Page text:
Michelangelo di Lodovico Buonarroti Simoni (6 March 1475 – 18 February 1564), commonly known as Michelangelo, was an Italian sculptor, painter, architect, poet, and engineer of the High Renaissance who exerted an unparalleled influence on the development of Western art. Despite making few forays beyond the arts, his versatility in the disciplines he took up was of such a high order that he is often considered a contender for the title of the archetypal Renaissance man, along with his fellow Italian Leonardo da Vinci.
Video is a Michelangelo Documentary (59 minutes)
9. Mimar Sinan
Koca Mi’mâr Sinân Âğâ (c. 1489/1490 – July 17, 1588) was the chief Ottoman architect and civil engineer for sultans Suleiman the Magnificent, Selim II, and Murad III. He was responsible for the construction of more than three hundred major structures and other more modest projects, such as his Islamic primary schools. His apprentices would later design the Sultan Ahmed Mosque in Istanbul, Stari Most in Mostar and help design the Taj Mahal in the Mughal Empire.
8. Sir Christopher Wren
Sir Christopher Michael Wren PRS (20 October 1632 – 25 February 1723) is one of the most highly acclaimed English architects in history. He was accorded responsibility for rebuilding 52 churches in the City of London after the Great Fire in 1666, including his masterpiece, St. Paul’s Cathedral, on Ludgate Hill, completed in 1710.
7. Louis Henri Sullivan
Louis Henry Sullivan (September 3, 1856 – April 14, 1924) was an American architect, and has been called the “father of skyscrapers” and “father of modernism”. He is considered by many as the creator of the modern skyscraper, was an influential architect and critic of the Chicago School, was a mentor to Frank Lloyd Wright, and an inspiration to the Chicago group of architects who have come to be known as the Prairie School. Along with Henry Hobson Richardson and Wright, Sullivan is one of “the recognized trinity of American architecture”. He posthumously received the AIA Gold Medal in 1944.
6. Le Corbusier
Charles-Édouard Jeanneret-Gris, better known as Le Corbusier (October 6, 1887 – August 27, 1965), was a Swiss-French architect, designer, painter, urban planner, writer, and one of the pioneers of what is now called modern architecture. He was born in Switzerland and became a French citizen in 1930. His career spanned five decades, with his buildings constructed throughout Europe, India, and America. Dedicated to providing better living conditions for the residents of crowded cities, Le Corbusier was influential in urban planning, and was a founding member of the Congrès International d’Architecture Moderne (CIAM).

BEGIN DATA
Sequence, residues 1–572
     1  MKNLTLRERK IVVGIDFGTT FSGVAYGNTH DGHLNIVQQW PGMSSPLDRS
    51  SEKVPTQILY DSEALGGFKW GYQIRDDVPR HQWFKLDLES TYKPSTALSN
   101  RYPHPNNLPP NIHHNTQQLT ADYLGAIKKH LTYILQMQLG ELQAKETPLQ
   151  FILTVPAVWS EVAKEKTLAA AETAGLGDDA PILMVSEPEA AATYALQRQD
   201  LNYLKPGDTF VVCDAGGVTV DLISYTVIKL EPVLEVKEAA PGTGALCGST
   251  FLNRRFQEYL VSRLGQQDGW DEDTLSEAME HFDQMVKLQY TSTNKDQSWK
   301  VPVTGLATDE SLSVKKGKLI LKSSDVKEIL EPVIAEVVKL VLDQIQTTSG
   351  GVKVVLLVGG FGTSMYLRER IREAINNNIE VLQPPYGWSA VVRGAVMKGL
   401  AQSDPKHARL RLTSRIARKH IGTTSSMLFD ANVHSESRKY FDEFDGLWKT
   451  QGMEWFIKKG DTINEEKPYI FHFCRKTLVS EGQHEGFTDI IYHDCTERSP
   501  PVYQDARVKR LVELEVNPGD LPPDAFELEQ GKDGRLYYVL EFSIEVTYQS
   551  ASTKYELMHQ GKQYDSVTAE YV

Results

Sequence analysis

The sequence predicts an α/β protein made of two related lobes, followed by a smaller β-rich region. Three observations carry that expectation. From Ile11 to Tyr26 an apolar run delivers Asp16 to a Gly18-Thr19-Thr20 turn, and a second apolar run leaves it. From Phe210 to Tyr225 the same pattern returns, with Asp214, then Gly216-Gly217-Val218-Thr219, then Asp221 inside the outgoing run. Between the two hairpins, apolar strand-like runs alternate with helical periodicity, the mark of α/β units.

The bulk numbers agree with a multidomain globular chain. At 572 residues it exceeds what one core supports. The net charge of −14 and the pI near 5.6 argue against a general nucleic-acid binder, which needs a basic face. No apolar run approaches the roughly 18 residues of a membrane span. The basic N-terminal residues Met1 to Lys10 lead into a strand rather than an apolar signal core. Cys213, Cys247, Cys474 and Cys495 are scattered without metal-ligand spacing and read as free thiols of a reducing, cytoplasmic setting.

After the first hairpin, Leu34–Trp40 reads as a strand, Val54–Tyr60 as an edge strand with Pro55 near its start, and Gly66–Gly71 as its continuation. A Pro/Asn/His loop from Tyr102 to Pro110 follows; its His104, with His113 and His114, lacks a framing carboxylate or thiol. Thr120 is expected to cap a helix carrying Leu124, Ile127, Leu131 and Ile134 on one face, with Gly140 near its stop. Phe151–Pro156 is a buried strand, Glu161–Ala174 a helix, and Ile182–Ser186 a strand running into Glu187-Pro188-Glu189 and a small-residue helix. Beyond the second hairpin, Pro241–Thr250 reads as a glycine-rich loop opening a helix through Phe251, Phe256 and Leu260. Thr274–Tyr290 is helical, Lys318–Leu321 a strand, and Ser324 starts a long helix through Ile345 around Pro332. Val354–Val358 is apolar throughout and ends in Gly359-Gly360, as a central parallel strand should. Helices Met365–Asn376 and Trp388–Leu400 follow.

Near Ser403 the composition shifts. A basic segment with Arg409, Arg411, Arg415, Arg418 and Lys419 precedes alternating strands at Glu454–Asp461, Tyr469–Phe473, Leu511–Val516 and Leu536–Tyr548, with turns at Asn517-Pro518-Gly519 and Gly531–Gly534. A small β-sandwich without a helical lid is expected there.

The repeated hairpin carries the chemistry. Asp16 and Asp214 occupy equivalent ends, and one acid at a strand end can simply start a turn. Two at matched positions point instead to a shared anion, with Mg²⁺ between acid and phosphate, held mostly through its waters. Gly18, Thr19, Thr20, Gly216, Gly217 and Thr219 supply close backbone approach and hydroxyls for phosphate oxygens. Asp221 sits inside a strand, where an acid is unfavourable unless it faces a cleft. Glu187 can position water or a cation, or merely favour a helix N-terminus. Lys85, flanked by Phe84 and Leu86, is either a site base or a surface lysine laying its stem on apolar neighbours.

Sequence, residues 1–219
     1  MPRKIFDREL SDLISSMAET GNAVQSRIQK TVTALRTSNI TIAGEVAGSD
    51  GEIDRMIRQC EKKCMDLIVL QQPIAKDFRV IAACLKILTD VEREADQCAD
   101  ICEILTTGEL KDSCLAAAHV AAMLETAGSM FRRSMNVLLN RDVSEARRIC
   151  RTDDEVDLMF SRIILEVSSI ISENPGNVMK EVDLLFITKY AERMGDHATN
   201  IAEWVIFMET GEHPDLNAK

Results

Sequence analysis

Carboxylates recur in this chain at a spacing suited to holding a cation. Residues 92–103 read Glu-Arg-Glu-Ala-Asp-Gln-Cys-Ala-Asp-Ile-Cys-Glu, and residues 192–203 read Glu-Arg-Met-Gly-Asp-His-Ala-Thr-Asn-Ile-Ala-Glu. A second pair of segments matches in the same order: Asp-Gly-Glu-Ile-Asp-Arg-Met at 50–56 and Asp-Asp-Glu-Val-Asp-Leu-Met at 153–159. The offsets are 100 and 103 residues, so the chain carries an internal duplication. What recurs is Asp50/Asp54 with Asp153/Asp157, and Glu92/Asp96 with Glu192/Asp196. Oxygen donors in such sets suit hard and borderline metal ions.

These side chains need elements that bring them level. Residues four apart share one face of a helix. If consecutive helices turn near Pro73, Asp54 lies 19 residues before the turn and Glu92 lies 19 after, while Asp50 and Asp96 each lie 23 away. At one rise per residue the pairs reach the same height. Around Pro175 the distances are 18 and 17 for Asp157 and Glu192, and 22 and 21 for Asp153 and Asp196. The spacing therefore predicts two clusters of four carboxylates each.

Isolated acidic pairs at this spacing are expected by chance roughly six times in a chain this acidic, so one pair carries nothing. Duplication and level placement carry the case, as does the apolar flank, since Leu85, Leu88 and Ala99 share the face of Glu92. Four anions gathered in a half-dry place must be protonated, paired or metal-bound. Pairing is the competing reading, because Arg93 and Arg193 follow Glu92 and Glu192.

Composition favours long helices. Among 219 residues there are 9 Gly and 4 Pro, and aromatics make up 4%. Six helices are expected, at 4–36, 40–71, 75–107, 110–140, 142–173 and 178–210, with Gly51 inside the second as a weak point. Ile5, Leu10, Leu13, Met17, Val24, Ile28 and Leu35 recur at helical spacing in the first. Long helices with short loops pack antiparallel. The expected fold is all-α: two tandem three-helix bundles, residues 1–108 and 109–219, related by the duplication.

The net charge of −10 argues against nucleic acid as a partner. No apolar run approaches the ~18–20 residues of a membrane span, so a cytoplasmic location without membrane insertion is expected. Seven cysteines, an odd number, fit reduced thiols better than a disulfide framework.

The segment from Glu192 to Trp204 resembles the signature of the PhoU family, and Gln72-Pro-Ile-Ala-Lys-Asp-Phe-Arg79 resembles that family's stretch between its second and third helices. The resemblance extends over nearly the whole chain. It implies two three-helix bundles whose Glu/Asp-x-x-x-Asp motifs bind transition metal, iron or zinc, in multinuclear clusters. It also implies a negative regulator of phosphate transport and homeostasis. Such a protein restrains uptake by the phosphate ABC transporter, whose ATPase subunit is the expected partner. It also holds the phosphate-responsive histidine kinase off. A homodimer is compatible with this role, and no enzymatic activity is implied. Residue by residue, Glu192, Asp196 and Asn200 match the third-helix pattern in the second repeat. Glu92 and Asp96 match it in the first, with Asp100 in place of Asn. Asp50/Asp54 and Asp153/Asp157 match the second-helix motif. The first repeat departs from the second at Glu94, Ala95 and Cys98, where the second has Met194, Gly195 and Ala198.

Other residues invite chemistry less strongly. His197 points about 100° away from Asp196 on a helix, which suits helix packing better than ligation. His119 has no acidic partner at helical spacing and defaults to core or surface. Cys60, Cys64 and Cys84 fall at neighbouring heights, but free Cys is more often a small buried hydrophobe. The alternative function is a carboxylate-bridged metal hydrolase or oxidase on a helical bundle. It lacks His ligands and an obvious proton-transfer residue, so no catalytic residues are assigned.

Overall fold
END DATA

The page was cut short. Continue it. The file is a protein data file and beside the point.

5. Antoni Gaudi
Antoni Gaudí i Cornet (25 June 1852 – 10 June 1926) was a Spanish Catalan architect from Reus and the best known practitioner of Catalan Modernism. Gaudí’s works reflect an individualized and distinctive style. Most are located in Barcelona, including his magnum opus, the Sagrada Família. Gaudí’s work was influenced by his passions in life: architecture, nature, and religion. Gaudí considered every detail of his creations and integrated into his architecture such crafts as ceramics, stained glass, wrought ironwork forging and carpentry. He also introduced new techniques in the treatment of materials, such as trencadís which used waste ceramic pieces.
4. Ludwig Mies van der Rohe
Ludwig Mies van der Rohe (March 27, 1886 – August 17, 1969) was a German-American architect. He is commonly referred to and was addressed as Mies, his surname. Along with Le Corbusier, Alvar Aalto, and Frank Lloyd Wright, he is widely regarded as one of the pioneering masters of modern architecture. Mies, like many of his post-World War I contemporaries, sought to establish a new architectural style that could represent modern times just as Classical and Gothic did for their own eras. He created an influential twentieth-century architectural style, stated with extreme clarity and simplicity.